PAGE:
Monday, March 1, 2021

Read Aloud Treasures: The Wit and Wisdom of William Steig

Most children these days are well versed in the adventures of  Shrek!  from the Dreamworks movie franchise and the Broadway musical, but Shrek!, of course, first lived in the very fertile, active, and definitely quirky mind of children's book author and illustrator, William Steig. Steig is a fascinating character himself. He did not write his first children's book until he was in his 60s, but by that time he was world famous as a cartoonist for The New Yorker. His books for children are witty, wacky, wonderful, and slightly off center. Here are some of my favorites for read aloud. Reading these books to children always spurred great follow-up conversations.

Steig's first picture book finds sweet voiced troubadour, Roland, traveling the country to share his songs and stories. A scheming fox named Sebastian fools the trusting Roland and almost roasts him over a fire, until he is rescued by the King. The fox is "put in the dungeon, where he lives the rest of his years on nothing but stale bread, sour grapes and water." Steig establishes his distinctive style with the animals in this story.

Sylvester and the Magic Pebble may be Steig's most famous book. It won the Caldecott Medal for 1970 and shows Steig's  mastery of the personified animal cartoon format. Sylvester finds a magic pebble and in a panic makes a foolish wish and turns himself into a rock. After a long time and with growing loneliness, he is finally reunited with his family when his rock form self thinks, "I wish I were my real self again."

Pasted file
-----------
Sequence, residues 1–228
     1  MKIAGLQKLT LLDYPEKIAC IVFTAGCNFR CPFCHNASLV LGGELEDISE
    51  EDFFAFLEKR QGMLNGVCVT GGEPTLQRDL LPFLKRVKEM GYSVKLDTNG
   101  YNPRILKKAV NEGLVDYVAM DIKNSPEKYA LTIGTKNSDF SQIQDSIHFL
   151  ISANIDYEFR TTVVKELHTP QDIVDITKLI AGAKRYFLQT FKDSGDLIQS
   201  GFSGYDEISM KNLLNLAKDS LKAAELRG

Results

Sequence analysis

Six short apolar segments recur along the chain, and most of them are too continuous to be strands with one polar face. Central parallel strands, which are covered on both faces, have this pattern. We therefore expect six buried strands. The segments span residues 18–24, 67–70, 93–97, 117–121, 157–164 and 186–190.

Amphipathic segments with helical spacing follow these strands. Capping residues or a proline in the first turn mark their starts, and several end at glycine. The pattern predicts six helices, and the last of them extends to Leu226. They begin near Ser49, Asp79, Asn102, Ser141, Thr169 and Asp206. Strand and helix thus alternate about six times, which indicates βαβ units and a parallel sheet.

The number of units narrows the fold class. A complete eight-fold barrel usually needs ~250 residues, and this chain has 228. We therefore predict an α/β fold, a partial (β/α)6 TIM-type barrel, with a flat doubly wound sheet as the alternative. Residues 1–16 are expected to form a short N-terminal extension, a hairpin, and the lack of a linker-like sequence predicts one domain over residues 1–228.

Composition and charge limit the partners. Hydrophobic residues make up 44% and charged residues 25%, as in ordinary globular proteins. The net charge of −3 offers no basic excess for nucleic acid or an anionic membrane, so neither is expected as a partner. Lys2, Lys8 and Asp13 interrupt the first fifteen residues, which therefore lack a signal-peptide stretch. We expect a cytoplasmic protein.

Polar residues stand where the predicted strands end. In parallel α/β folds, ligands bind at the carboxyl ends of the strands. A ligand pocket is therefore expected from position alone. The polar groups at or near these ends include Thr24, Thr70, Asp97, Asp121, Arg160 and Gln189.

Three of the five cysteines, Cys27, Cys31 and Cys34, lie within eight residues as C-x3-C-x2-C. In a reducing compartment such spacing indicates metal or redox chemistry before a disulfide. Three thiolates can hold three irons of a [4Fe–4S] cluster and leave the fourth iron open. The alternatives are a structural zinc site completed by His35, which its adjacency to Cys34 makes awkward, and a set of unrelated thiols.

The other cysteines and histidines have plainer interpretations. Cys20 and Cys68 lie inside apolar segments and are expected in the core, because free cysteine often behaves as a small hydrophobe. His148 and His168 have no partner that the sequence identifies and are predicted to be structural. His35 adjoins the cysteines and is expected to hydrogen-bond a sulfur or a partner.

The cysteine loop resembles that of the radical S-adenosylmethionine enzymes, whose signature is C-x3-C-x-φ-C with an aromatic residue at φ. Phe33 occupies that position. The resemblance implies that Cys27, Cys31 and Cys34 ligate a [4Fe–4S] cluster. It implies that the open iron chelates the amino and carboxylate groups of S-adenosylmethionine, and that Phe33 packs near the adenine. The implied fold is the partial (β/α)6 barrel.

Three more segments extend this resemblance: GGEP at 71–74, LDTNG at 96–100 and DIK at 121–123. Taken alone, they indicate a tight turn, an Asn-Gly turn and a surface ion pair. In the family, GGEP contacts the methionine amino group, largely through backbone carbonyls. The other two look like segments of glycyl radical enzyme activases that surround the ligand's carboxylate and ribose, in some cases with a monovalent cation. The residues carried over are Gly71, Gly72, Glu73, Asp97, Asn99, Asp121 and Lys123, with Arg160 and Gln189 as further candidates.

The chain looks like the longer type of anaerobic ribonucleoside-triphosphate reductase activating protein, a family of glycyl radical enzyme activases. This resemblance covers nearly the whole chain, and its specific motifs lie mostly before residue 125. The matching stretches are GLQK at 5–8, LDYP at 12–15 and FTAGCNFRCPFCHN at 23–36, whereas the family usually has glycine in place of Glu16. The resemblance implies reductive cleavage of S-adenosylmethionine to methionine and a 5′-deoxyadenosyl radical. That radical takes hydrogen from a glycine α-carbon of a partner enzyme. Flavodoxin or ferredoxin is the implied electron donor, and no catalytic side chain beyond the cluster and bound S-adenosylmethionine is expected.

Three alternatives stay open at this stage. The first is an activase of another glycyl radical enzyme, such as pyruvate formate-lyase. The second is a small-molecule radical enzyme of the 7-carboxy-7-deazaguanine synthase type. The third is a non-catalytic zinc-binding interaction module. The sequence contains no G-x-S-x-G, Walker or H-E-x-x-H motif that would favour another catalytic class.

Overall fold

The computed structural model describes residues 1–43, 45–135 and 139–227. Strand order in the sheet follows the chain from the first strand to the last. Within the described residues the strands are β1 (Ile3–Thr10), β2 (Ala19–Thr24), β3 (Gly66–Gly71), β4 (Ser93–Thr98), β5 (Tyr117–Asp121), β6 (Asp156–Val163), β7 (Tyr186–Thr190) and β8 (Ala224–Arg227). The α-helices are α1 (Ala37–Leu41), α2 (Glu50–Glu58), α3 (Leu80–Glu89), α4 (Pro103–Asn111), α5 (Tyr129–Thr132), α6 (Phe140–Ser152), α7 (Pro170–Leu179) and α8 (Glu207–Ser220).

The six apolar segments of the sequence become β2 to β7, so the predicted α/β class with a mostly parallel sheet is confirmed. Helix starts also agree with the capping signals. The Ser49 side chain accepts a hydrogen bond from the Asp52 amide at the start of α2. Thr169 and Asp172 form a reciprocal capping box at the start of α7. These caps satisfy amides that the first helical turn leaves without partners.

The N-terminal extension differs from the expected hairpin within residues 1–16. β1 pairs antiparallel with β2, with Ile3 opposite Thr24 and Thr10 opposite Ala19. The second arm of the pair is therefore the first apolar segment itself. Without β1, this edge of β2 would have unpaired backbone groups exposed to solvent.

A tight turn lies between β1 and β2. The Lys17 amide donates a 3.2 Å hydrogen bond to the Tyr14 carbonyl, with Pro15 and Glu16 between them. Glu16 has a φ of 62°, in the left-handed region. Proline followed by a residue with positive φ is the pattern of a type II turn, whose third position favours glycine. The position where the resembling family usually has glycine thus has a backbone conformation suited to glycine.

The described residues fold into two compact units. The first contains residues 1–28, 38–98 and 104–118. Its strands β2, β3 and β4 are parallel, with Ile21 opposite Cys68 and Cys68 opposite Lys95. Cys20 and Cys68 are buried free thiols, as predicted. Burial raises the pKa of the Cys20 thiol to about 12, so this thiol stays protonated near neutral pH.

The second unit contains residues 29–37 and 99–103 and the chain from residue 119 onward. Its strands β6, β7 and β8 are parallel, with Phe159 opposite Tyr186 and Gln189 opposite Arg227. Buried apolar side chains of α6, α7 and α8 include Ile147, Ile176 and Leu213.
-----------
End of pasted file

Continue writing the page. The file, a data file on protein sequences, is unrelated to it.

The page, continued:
The warm and witty story of Doctor DeSoto  is a sure crowd pleaser. Dr. DeSoto, the mouse, is a dentist who is careful not to treat "dangerous animals, but one day a fox shows up. Children are delighted to find out how the dentist mouse outfoxes the hungry fox.

Plucky Irene braves a terrible snowstorm to deliver the dress her ill mother has made  for the duchess. Along the way Irene faces many hardships, particularly from the wicked wind, but she prevails to get the dress to its destination. It is impossible to read this book without cheering Brave Irene on.

Were there ever two more unlikely or more devoted friends than Amos, the mouse, and Boris, the whale?  The two friends meet when Amos goes off on an ocean adventure and is rescued by Boris. Soon Boris needs the help of his friend Amos, when he is in danger. Along with Frog and Toad by Arnold Lobel, this is one of the great books about friendship and loyalty you will ever read.

Today would be a good day to share the special pleasures of a William Steig picture book with your students/children.

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